So at that moment you're kind of like, well, it doesn't really matter at that point, but now our, our audition was right before everything closed down.

Speaker 2:

Amazing.

Speaker 1:

And um when did?

Speaker 2:

you start up again. Do you remember when you started up again? Was it yes?

Speaker 1:

And it's 2020, 2021. I mean it was actually the summer of 2020, because Dewey Beach You're not going to keep that place shut down? Yeah, I mean the people won't let you yeah.

Speaker 2:

And they drink so much. No virus can live there. It's. There's no way a virus is living in Dewey, do I just said? I just called it what I call it. Yeah, dewey Beach instead of Dewey Beach. That's what we used to call it.

Speaker 1:

Hey, I you know um, if you've never been to Dewey Beach, go it is a hidden, absolutely. Like small town, but it's the best it is. It's great vibe and um, I grew up going there, so it's very close to my heart.

Speaker 2:

Very near and dear yeah and um they.

Speaker 1:

They did everything in their power to keep musicians working.

Speaker 2:

Good for them. They keep open.

Speaker 1:

Good for them, and you know, cork jams looked a little different.

Speaker 2:

Yeah.

Speaker 1:

I remember my first cork jam was again high tops.

Speaker 2:

Yeah.

Speaker 1:

People are sitting and they're like what is this Meanwhile, I'm just excited to play there.

Speaker 2:

Because I've never been there before.

Speaker 1:

So I'm like oh my gosh. And I remember the one band they were like I'm so sorry. I was like why are you sorry?

Speaker 2:

Like.

Speaker 1:

I don't like this is great, like I'm performing, I'm working, you know, and they just said it was very different. And then, lo and behold, after the pandemic was over.

Speaker 2:

Things were back to normal. Now you're busy.

Speaker 1:

I did a first cork jam and I was like holy.

Speaker 2:

I saw pictures. I think of that. Yeah, that looks crazy.

Speaker 1:

It's crazy. It's one of the I have to.

Speaker 2:

honestly, I have to the cork jam is at the place called Bottle and Cork right. Bottle and Cork yes, and it's a big, and that's a big con, like a concert, little concert venue.

Speaker 1:

National acts will come in. Yeah, national acts come in there, and everything, yeah, and it's so cool, so you're a national.

Speaker 2:

You played in Key West, you played in California before, or something like that right.

Speaker 1:

Yeah, we do a lot of traveling. Yeah, we're shipping up to Boston. We do that at least twice a year. Two bars there just again really great spot. I hate that they're so far, but you know Boston it makes it worth. Have you been there?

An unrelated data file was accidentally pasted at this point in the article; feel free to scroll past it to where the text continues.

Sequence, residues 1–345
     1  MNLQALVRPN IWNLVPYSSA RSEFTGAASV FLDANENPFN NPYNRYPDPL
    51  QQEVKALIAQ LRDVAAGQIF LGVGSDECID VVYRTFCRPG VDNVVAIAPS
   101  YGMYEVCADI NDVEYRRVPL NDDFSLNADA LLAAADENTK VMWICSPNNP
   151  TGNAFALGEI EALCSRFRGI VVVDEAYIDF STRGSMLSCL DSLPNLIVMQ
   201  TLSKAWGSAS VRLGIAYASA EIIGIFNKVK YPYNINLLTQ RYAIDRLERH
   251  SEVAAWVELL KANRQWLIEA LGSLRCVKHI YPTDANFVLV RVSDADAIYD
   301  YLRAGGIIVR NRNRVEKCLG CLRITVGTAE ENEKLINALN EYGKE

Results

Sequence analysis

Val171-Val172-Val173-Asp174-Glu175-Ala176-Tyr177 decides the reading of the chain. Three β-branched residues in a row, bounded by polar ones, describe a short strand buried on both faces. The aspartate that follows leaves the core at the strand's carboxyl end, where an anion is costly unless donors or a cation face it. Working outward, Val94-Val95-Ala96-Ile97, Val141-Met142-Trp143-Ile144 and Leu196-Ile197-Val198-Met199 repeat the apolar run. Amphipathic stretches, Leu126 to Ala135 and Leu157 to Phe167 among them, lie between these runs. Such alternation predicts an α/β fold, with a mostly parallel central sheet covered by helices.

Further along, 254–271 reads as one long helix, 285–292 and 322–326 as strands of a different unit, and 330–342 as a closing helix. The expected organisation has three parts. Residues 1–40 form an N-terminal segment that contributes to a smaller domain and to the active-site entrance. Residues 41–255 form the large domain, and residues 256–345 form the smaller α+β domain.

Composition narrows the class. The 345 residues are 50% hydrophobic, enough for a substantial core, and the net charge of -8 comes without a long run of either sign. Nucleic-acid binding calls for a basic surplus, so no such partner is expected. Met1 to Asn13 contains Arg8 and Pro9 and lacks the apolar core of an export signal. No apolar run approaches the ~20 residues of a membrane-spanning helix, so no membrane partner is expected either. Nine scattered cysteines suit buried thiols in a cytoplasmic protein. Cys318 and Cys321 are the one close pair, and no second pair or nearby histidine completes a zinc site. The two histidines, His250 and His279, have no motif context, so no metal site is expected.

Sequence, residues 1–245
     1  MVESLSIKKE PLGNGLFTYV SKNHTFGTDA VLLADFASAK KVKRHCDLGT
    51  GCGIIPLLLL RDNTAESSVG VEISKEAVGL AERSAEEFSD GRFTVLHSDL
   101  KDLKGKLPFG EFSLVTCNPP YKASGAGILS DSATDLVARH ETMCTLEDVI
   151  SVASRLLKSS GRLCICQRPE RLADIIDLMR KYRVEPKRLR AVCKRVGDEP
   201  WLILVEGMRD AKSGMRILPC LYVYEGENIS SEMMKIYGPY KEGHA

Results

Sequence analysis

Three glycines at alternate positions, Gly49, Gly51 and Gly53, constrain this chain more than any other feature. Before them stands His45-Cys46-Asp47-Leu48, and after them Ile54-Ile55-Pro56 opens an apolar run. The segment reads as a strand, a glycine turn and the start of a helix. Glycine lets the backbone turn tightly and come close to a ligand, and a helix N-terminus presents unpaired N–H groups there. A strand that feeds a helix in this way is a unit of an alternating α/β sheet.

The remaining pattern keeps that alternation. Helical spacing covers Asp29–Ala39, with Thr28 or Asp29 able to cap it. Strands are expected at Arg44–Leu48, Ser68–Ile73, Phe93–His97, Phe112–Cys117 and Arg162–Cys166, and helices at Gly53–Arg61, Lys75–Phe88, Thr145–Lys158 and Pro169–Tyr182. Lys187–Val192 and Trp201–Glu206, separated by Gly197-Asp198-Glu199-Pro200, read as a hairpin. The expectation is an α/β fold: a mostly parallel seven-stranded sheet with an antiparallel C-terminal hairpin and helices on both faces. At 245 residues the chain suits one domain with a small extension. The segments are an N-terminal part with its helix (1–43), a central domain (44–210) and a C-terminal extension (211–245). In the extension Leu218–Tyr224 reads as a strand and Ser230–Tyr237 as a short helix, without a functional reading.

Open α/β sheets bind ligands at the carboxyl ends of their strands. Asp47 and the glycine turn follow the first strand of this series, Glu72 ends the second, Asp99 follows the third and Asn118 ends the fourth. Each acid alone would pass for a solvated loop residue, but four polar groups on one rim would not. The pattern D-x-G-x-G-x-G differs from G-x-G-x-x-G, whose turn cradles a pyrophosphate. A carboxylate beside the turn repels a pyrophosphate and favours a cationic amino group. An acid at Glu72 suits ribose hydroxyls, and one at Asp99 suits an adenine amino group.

Speaker 2:

I've never been to Boston and as a musician I've heard it's like a great place to go.

Speaker 1:

It really it's great Like minus the drive.

Speaker 2:

It's yeah, otherwise it's a great city.

Speaker 1:

But it really is a lot of fun.

Speaker 2:

So yeah, it's a lot of traveling. What about original music, you know, is that I know there was a song out, was it a couple of years ago? Yes it was.

Speaker 1:

Right.

Speaker 2:

What was it called?

Speaker 1:

Someone knew.

Speaker 2:

Yes, yes, yes, good song. I remember listening to it several times. I remember also it was on the radio it was. Was it on X Serious, xm or something or one of those things, because I remember it coming on.

Speaker 1:

We did kind of like a release of it radio and I have a video of me like sitting in my car listening.

Speaker 2:

Yes, and I saw that too.

Speaker 1:

So it was really cool. How?

Speaker 2:

does that feel?

Speaker 1:

It was such a surreal moment because you do the cover band, you perform and I would say my favorite part of what I do is the performing aspect. Absolutely absolutely, which you can relate to Absolutely. You know it's great.

Speaker 2:

Studio's fine, but performing it's where it's at. You have energy in front of people.

Speaker 1:

It's crazy, so the fact that I was trying to see what's next what else? Is there. The original music thing kind of came into play and a very talented musician, writer, producer, JJ Rupp, who he was in the music scene as well.

Speaker 2:

Okay.

Speaker 1:

Very again. Jj Rupp, go check him out. Do we beat?

Speaker 2:

Little plug, little plug.

Speaker 1:

But no, he's great, and we just thought we're like, hey, let's work together, let's do a song. And we did and I love it. It's been a minute, but we do actually have another song coming out. Yes.

Speaker 2:

I'm very excited about it. Wow, that's awesome and that'll be out in 2024?.

Speaker 1:

Yes, I'm hoping it's out, or by the time this airs it should be off by then.

Speaker 2:

Yes, awesome perfect.

Speaker 1:

Yes, I'm really excited, that's really cool.

Speaker 2:

You'll have to get that to us right away so we can share and get that out there. I love listening to new music. So let's, you were talking about a little bit about the support from your parents. You know you, probably it reminds me of my parents when I was going through the music scene. They were so supportive and to this day still, they still come to see me sing at their Airdy House every time I sing there and it helps and it's something that obviously you probably couldn't do without.

Speaker 1:

Yeah, it's the best, they're the best.

Speaker 2:

Did they still follow you? Did they still?

Speaker 1:

Yeah, we're, you know, new Year's Eve there with me. This Saturday we're in AC and they're like all right, what's the plan?

Speaker 2:

I'm coming with and I'm like, yeah, like, please call.